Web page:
When the subjects — 66 men and women — were asked to distinguish the syllables, it was found that syllables heard simultaneously with air puffs were more likely to be perceived as aspirated, causing the subjects to mishear “ba” as the aspirated “pa” and “da” as the aspirated “ta.” The brain associated the air puffs felt on skin with aspirated syllables, interfering with perception of what was actually heard.

It is unlikely aspirations are felt on the skin, say the researchers. The phenomenon is more likely analogous to lip-reading where the brain’s auditory cortex area activates when the eyes see lips move, signaling speech. From the brain’s point of view, you are “hearing” with your eyes.

“Our study shows we can do the same with our skin, “hearing” a puff of air, regardless of whether it got to our brains through our ears or our skin,” says Gick.

Future research may include studies of how audio, visual and tactile information interact to form the basis of a new multi-sensory speech perception paradigm. Additional studies may examine how many kinds of speech sounds are affected by air flow, offering important information about how people interact with their physical environment.

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Every day, almost 140 million Americans experience noise levels that the U.S. Environmental Protection Agency (EPA) categorizes as “annoying
or disruptive.”(xiv) Karen A. Bilich writes that children “are especially vulnerable to noise induced hearing loss – which often happens gradually and without pain – from overexposure to noise.”(xv) Almost 15 percent of children ages 6 to 17 show signs of hearing loss, according to a 1998 study published in the Journal of the American Medical Association. However, at this time there are no federal regulations in the United States that limit the noise levels of toys. The European standard is inadequate because it sets the sound threshold too high at 115 decibels, at which an exposure of less than 30 seconds can cause hearing loss. The Occupational Safety and Health Administration (OSHA) reports that prolonged exposure to sounds at 85 decibels or higher can result in hearing damage (xvi). The American Academy of Pediatrics and the National Campaign for Hearing Health also use 85 decibels as a threshold for dangerous levels of noise. The National Campaign for Hearing Health, in its Toxic Noise Guidelines, lists the following relationships between decibel levels and times of exposure (xvii):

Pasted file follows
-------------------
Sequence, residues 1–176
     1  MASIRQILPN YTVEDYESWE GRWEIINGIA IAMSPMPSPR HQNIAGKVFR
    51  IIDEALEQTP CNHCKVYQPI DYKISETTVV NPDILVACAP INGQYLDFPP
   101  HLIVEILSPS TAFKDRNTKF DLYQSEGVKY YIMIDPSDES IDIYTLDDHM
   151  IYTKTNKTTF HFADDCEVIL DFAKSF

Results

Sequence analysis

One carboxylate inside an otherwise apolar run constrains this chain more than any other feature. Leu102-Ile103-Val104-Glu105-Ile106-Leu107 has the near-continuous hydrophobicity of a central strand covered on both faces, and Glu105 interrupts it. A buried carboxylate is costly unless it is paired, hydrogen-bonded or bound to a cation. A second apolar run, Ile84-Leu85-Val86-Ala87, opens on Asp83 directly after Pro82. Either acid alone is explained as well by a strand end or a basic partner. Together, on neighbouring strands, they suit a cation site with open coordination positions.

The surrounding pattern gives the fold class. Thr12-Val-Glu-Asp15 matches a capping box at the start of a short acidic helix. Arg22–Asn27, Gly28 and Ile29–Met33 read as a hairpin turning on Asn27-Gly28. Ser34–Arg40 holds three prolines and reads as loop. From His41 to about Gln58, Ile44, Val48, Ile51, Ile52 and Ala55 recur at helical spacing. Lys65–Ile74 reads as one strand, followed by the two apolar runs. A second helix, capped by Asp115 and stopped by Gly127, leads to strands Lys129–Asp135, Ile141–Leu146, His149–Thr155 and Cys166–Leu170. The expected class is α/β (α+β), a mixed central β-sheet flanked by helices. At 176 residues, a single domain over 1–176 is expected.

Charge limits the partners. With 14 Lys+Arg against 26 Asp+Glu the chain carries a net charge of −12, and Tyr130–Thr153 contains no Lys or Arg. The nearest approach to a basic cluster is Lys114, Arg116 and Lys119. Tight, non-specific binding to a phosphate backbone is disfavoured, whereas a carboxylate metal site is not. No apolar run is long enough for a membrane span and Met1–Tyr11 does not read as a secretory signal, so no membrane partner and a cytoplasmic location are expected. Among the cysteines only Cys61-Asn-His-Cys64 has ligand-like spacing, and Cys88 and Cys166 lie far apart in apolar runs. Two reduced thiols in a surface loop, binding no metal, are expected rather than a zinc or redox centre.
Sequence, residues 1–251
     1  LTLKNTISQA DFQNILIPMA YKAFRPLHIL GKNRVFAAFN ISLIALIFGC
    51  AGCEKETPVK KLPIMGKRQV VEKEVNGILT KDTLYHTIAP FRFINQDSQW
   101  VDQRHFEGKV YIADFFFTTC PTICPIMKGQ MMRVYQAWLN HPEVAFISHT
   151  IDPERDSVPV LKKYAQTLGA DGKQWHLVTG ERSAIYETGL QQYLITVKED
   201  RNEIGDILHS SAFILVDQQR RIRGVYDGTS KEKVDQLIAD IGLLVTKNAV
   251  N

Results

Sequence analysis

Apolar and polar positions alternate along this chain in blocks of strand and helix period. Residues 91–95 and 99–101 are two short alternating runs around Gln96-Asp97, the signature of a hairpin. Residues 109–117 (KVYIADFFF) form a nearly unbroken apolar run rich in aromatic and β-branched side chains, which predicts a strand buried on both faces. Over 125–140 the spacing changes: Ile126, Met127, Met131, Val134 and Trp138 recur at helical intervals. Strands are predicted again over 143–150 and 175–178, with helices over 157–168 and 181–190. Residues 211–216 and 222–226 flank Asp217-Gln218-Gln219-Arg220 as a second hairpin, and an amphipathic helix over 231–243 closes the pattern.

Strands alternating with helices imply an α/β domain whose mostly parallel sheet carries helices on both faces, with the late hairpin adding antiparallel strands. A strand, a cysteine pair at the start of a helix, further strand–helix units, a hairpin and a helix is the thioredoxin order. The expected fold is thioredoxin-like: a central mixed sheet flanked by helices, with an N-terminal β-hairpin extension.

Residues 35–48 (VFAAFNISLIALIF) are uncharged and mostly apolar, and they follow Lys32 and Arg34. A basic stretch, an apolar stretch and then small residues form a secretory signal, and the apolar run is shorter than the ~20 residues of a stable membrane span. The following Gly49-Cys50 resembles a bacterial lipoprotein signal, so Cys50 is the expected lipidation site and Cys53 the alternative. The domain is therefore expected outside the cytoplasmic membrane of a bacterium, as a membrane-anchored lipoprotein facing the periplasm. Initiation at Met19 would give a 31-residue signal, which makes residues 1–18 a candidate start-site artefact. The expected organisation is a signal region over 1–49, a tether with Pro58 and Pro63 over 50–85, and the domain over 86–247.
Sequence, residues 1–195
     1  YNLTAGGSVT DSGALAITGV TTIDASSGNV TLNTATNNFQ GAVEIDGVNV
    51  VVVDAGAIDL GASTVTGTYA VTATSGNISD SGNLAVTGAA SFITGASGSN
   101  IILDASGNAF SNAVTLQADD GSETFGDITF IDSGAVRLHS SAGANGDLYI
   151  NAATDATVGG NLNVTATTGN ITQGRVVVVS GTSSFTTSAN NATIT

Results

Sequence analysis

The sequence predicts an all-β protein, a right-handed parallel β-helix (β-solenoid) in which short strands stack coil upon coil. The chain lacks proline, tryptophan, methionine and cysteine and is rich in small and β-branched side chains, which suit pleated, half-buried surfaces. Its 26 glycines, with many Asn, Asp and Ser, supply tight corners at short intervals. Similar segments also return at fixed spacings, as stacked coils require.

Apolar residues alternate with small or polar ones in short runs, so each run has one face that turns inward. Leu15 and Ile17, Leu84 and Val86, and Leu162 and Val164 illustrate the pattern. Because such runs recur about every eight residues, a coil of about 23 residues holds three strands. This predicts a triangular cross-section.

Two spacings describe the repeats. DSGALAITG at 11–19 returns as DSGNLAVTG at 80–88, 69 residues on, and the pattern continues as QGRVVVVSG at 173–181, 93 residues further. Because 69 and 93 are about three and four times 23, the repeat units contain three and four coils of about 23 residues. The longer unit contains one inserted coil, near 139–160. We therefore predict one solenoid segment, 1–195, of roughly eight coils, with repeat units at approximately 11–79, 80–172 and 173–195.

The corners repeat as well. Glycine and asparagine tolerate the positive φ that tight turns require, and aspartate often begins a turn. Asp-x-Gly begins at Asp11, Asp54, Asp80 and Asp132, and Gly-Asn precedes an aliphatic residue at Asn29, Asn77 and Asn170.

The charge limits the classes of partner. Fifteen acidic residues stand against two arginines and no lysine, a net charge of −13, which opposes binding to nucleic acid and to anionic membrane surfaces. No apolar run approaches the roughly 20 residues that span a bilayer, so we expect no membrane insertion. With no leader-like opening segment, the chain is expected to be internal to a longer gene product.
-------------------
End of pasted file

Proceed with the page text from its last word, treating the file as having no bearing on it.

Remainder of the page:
• 85 decibels: Exposure over an 8-hour period risks hearing loss.
• 90 decibels: Exposure for 2 hours risks hearing loss.
• 97 decibels: Exposure for 30 minutes risks hearing loss.
• 100 decibels: Exposure for 15 minutes risks hearing loss.
• 110 decibels: Exposure for less than 2 minutes risks hearing loss
• 120 decibels: Exposure less than 30 seconds risks hearing loss.
• 130 decibels: Any exposure risks permanent hearing loss.

Standards for Loud Toys
As of November 2003, The American Society for Testing Materials (ASTM) finalized specifications for sound-producing toys that include (1) limiting the sound pressure level of hand-held, table-top and crib toys to a level not to exceed 90dB when measured from a distance of 25 centimeters; (2) limiting the sound pressure level of close-to-the-ear toys to a level not to exceed 70dB when measured from a distance of 25 centimeters; (3) limiting the sound pressure level of toys with impact-type impulsive sounds to a level not to exceed 120dB when measured from a distance of 25 centimeters; (4) limiting the sound pressure level of toys with explosive-type impulsive sounds to a level not to exceed 138dB when measured from a distance of 25 centimeters.

There are numerous exceptions to the standards(xviii) and the standards are voluntary. The standards, while a solid step in the right direction, are flawed (xix) and should be strengthened and stronger standards should be enforced by the CPSC.